Rabbi Yehoshua and Rabbi Eliezer debate whether the Jewish people must repent to merit the final redemption.  Rambam (הלכות תשובה פרק ז' הלכה ה') rules that only when we will repent, will we merit redemption- אין ישראל נגאלין אלא בתשובה.  Rabbi Soloveitchik makes a beautiful observation regarding this point.  We see that the obligation to believe in the coming in Moshiach includes a requirement to believe that the Jewish people will eventually repent.  Accordingly, we must be unswervingly optimistic about the future spiritual welfare of our people.

            Rabbi Soloveitchik asks why does the Rambam place his discussion of belief in free will- בחירה חפשית in Hilchot Teshuva and not in Hilchot Yesodei Torah where he discusses the fundamentals of Jewish belief.  Rabbi Soloveitchik explains that the belief in free will is the foundation of Teshuva.  Belief in free will, which the Rambam (הל' תשובה פרק ה' הל' ג') refers to as "a great principle and the foundation of Torah and Mitzvot," is what makes Teshuva possible.  If one erroneously believes that one's personality and behavior are entirely controlled by forces beyond his control, then he will not be able to change his behaviors.  However, if one believes that an individual is empowered by God to control and change himself, then Teshuva is a relevant possibility.

            The seventh chapter of Hilchot Teshuva is one of the most beautiful sections of the Rambam's Mishneh Torah.  The Rambam writes exaltingly of the repentant as one who only yesterday was alienated from God, but now clings to God.  Only yesterday he was a sinner whose acts of Mitzvot were found displeasing to God, but today God not only accepts but even desires his performance of Mitzvot.  Rabbi Soloveitchik explains that only subsequent to asserting and explaining the role of free will can the Rambam speak of Teshuva in such a lofty manner.  In light of the principle of free will, we see that an individual has the ability to rebuild and fashion his entire personality instead of making small behavioral adjustments in his religious behavior.  Only Teshuva which involves a redirection and refocusing of one's goals and ambitions in life is described in such dramatic terms by the Rambam.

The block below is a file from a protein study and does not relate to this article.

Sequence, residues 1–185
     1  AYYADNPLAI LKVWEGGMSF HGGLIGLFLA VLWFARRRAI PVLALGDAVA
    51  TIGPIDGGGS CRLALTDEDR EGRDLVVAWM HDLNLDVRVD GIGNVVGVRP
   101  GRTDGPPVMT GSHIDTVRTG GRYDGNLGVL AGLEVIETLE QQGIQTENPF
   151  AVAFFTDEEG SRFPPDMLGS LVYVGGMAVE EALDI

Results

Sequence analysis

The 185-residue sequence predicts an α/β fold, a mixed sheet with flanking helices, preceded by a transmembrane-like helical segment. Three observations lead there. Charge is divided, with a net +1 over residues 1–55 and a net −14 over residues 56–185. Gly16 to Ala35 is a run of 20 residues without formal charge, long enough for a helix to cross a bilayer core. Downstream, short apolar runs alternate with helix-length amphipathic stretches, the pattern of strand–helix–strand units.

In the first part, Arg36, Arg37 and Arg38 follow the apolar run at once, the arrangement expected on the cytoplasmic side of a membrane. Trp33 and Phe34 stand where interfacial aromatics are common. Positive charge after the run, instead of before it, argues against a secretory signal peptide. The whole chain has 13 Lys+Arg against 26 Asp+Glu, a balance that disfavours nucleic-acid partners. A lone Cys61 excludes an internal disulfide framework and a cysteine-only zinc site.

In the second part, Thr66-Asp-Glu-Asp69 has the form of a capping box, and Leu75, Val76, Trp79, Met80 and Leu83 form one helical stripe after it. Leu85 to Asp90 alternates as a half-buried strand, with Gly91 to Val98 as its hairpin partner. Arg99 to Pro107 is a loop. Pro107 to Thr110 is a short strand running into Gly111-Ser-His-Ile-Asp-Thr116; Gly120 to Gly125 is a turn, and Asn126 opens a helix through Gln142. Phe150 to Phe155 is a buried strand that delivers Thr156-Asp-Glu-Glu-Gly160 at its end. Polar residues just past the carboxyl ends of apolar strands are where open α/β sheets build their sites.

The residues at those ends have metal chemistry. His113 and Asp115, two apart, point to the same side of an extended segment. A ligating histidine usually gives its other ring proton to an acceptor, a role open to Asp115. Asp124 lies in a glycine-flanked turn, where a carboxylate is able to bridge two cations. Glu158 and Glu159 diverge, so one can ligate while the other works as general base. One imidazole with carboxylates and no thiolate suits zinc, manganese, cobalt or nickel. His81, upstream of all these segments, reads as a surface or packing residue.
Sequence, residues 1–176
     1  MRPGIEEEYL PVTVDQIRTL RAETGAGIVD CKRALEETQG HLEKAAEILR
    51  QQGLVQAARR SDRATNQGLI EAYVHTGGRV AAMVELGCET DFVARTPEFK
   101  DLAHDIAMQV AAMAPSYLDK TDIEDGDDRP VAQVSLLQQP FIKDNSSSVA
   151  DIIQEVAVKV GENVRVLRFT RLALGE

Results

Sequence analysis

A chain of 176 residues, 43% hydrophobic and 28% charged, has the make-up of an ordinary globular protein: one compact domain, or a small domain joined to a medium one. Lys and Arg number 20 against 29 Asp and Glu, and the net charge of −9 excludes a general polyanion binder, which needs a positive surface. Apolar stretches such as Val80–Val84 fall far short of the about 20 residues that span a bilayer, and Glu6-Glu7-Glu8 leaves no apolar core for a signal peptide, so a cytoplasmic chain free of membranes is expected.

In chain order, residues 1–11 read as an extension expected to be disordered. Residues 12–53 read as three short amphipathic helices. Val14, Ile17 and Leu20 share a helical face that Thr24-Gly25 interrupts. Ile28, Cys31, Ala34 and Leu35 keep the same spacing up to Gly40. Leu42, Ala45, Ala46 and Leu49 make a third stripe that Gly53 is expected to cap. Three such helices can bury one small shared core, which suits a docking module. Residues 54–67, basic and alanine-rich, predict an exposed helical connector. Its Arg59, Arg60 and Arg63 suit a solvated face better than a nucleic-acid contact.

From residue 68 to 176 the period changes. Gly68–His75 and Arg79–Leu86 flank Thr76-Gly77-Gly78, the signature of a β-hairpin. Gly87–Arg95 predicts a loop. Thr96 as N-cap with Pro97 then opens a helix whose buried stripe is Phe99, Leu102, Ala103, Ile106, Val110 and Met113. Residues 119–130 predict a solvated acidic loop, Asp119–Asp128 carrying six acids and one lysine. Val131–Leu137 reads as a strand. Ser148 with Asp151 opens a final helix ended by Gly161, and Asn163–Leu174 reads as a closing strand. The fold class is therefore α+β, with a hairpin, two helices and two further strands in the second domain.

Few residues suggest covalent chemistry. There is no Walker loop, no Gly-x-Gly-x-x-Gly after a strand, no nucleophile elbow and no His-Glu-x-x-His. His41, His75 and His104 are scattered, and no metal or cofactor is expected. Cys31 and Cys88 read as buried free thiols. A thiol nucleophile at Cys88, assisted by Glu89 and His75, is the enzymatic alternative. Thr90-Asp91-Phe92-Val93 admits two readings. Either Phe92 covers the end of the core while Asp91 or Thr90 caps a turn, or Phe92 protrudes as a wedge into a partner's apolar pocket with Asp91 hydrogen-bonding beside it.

Finally, it is very worthwhile to mention Rabbi Soloveitchik's insight into the following rule.  We know that the Mishna in Yoma (דף פה:) teaches that Yom Kippur does not atone for sins between people.  One is required to ask forgiveness from the individual that one offended.  The Mishna and Rambam (הל' תשובה פרק ב' הל' ט') mention that forgiveness is not sufficient, what is required is "Ritzui," that he should appease him.  The Rav explains that this means that one must exert all efforts to restore the relationship with the offended person to what it was before the sin was committed.

            These beautiful insights of Rabbi Soloveitchik enrich our understanding and appreciation of the great gift of Teshuva.  We should view the period of the עשרת ימי תשובה as a special opportunity to engage in this process.  May Hashem grant us all a year of good fortune, health, and happiness.